Next week’s presidential election will probably mean that either Hillary Clinton or Donald Trump will be handed the keys to the White House. In this most bizarre of elections, both Trump and Clinton have been beset by controversy after controversy. Trump’s comments about Mexicans, women and his opponent have led to accusations of racism, misogyny and sharp business practices. Against any opponent except Clinton, Donald Trump would probably be conceding defeat before voters go to the polls. The one thing that Trump has stuck to consistently is his insistence that Hillary Clinton is “crooked.”
For Trump, Mrs. Clinton’s email scandal is the gift that keeps on giving. Clinton’s actions whilst Secretary of State have come back to haunt her time and again. Clinton’s lack of transparency over the issue, combined with an FBI investigation, have led to calls for Clinton to be prosecuted. In the wake of Trump being accused of sexual misconduct by multiple women, you would have assumed that Clinton was on easy street. The polls agreed, just a week ago some polls showing that Clinton had a near 90 percent chance of winning the election.
Then along came FBI director James B. Comey. According to the New York Times, Comey has written to congress to say that the FBI is reopening its investigation into Clinton’s emails. The Independent reports that Comey says through an investigation into an unrelated case, “the FBI has learned of the existence of emails that appear to be pertinent” to the Clinton case. As a result, Clinton’s case has been re-opened.
The fact that Comey made this new investigation public just days before an election is a new and bizarre twist in the Clinton-Trump face-off. Whilst Trump will be delighted with Comey’s intervention, Clinton is furious.
Clinton has called for the FBI to “release all the information that it has, let’s get it out.” According to the Wall Street Journal, Mr. Comey was advised by the Justice Department that his actions “would contradict the department’s rules against taking steps that could influence, or be seen as trying to influence, an election.” It would seem that Comey’s actions have had an effect as The Guardian is reporting that the gap between Clinton and Trump has narrowed considerably in recent days.
Of course where Clinton and Trump are concerned, even the actions of the FBI and Justice Department can draw controversy. The Daily Beast reports that former president Bill Clinton met with senior Justice Department official Attorney General Loretta Lynch when their respective aircraft were on the ground in Phoenix. Lynch would have us believe that her meeting with Clinton was a social one.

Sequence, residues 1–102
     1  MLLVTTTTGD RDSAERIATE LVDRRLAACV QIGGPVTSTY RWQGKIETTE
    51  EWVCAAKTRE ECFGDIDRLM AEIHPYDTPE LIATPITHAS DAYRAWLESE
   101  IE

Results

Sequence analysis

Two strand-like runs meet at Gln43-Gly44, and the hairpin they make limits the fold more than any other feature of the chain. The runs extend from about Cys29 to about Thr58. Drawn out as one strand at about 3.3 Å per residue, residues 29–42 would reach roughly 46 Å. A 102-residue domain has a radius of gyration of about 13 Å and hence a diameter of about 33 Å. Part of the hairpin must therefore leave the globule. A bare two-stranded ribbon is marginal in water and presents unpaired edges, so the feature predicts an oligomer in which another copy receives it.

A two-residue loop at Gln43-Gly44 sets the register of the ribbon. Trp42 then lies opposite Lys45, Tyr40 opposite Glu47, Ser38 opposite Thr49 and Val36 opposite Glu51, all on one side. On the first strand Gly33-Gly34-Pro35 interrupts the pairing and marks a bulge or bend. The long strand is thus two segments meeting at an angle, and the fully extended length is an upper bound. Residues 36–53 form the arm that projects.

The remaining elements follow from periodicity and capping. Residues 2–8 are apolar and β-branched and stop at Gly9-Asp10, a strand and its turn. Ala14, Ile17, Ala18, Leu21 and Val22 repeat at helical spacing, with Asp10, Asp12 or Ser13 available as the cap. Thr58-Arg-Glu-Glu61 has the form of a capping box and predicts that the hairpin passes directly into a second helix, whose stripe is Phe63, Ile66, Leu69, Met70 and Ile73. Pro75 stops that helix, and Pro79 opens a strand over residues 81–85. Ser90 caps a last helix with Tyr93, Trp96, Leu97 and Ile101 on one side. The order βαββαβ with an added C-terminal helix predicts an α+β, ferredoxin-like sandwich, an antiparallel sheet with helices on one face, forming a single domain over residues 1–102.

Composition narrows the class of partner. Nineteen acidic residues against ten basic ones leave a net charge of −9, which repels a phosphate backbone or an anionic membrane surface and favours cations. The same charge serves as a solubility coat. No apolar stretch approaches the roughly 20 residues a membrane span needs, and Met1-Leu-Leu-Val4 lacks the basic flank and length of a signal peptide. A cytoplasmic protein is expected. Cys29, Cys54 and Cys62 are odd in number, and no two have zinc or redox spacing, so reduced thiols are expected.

“I did see President Clinton at the Phoenix airport as he was leaving and spoke to myself and my husband on the plane. Our conversation was a great deal about grandchildren, it was primarily social about our travels and he mentioned golf he played in Phoenix.”
Whether Clinton’s visit with the Attorney General may have been completely innocent, many will believe that Lynch was, at the very least, ill-advised to have met with Clinton. Having a private meeting with the husband of someone your department is investigating can only lead to claims that Clinton was trying to encourage the Justice Department to ensure that Comey stayed quiet, at least until after the election.
Comey’s intervention and a new Clinton investigation could yet have a huge effect on the outcome of this year’s presidential election. Comey’s actions at this time are controversial and in some areas of the world his actions would have been illegal. In the U.K. there is a period known as “purdah” before elections that makes it illegal for national or local government officials to do anything that may unduly influence the election’s outcome.
Purdah also applies to the executive officers of branches of state like the police or the Justice Department. It is usual for purdah to begin six weeks before the election. Comey’s actions are the latest twist in the battle between Trump and Clinton. This is an election that makes much of the world wonder how on Earth either Clinton or Trump made it onto the ballot paper.
[Featured Image by Brennan Linsley/AP Photos]